Earlier this month, the Securities and Exchange Commission issued a warning to Coinbase Global Inc., the United States’ largest cryptocurrency exchange, based on the exchange’s announced plans to launch its new “Lend” product. The Lend product would allow eligible customers to earn interest on cryptocurrencies traded through Coinbase. In a Wells notice, however, the SEC informed Coinbase that it would pursue an enforcement action against the exchange if it proceeded with the launch.

The Wells notice referred Coinbase to two Supreme Court decisions as the basis of its review of Lend: S.E.C. v. W.J. Howey Co.[1] and Reves v. Ernst & Young.[2] Howey sets forth the criteria for determining whether notes constitute securities within the meaning of Section 3(a)(10) of the Exchange Act, while Reves sets forth similar criteria for reviewing financial instruments under the definition of security under Section 2(a)(1) of the Securities Act. Should a product fall under either definition for security, that product must be registered with the SEC and the platform offering the security would fall under SEC jurisdiction. Apparently, under the SEC’s review, Lend does in fact fall under at least one of these definitions.  

Coinbase first publicized its receipt of the Wells notice in a blog post, where it also announced a month’s delay for the launch of Lend. The SEC had launched a formal investigation into Lend following the product’s announcement in June, and eventually reached the conclusion that Lend qualifies as a security. While Coinbase explained that it was attempting to work with the SEC towards a launch, they also disputed the agency’s conclusion. “Coinbase’s Lend program doesn’t qualify as a security,” Coinbase’s Chief Legal Officer Paul Grewal insisted. However, despite its earlier belligerence, Coinbase announced last week that it was dropping its plans to launch Lend.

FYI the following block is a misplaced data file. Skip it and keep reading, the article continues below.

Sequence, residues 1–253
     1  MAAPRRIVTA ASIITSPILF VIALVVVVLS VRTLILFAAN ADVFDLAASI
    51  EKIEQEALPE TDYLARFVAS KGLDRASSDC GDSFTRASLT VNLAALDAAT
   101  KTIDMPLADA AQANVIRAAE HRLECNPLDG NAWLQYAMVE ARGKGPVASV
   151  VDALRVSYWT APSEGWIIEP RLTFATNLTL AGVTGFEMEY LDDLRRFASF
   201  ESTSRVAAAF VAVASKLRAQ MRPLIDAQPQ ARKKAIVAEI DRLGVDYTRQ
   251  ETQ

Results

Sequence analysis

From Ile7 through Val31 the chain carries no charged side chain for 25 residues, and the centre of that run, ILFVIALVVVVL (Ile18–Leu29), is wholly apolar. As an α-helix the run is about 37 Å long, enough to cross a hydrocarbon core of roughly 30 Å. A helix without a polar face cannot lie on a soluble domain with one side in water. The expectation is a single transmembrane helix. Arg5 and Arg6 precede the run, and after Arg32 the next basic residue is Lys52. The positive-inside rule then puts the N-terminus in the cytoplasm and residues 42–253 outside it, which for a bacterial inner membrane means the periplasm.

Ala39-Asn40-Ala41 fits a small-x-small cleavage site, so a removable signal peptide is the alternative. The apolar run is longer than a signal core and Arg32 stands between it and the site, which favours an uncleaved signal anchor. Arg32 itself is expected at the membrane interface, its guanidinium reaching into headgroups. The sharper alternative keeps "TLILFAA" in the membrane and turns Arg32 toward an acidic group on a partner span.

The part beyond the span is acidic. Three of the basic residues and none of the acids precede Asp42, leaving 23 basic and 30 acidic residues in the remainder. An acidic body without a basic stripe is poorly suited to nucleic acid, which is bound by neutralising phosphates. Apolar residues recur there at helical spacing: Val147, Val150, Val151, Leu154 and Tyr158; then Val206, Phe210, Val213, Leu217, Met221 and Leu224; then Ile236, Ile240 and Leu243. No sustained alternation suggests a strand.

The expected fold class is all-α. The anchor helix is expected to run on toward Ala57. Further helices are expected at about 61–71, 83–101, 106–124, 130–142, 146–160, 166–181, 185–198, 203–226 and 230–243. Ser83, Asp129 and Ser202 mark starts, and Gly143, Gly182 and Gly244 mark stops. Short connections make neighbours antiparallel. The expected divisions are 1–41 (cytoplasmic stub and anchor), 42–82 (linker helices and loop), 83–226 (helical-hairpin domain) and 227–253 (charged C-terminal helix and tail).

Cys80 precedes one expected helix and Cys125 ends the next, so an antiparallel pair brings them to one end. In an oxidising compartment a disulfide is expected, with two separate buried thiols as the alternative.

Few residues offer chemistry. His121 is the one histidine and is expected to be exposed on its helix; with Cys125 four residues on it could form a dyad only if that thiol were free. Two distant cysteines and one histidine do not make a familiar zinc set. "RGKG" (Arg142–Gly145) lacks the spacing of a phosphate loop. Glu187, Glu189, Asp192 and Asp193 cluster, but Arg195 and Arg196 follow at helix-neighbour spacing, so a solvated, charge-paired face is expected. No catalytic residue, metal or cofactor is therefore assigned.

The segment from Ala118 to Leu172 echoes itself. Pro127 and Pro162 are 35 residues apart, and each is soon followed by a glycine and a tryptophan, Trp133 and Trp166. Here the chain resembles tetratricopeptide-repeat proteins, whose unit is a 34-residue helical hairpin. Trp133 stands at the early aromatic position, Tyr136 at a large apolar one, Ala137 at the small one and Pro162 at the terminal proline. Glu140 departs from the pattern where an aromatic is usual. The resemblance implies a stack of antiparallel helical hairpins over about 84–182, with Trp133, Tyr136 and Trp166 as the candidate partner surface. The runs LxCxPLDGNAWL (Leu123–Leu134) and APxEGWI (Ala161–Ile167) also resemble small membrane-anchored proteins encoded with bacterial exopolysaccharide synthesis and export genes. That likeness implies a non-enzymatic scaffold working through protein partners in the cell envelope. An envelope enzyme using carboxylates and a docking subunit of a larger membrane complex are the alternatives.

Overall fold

Coinbase is not the only exchange to encounter regulatory scrutiny. State regulators from New Jersey, Alabama and Kentucky have each launched investigations and actions against Coinbase’s competitor, BlockFi Lending LLC. Accounts with BlockFi offer high yields on deposited cryptocurrencies, including yields with annual interest rates of over 7% for some cryptocurrencies. The firms behind these accounts carry no insurance and receive minimal federal regulation. Based on these concerns, regulators from New Jersey and Kentucky have both ordered BlockFi to stop offering some of their products in their states.

Cryptocurrency exchanges generally have recently received criticism from SEC Chair Gary Gensler. In an August 5th letter to Senator Elizabeth Warren, Gensler argued that “investors using these platforms are not adequately protected.” Many products offered by these exchanges legally qualify as securities, and yet have not been registered with the SEC. He also explained that exchanges are frequently used to sidestep public policy goals, being used for money laundering, tax evasion, and other illegal conduct.

Based on these early signs, cryptocurrency exchanges can likely expect heavier scrutiny in the future. If you have any questions or want to learn more, please contact James Pedersen (jpedersen@lowey.com). You can also follow Lowey Dannenberg on Twitter at @LoweyDannenberg for latest updates.


[1] S.E.C. v. W.J. Howey Co., 328 U.S. 293 (1946).

[2] Reves v. Ernst & Young, 494 U.S. 56 (1990).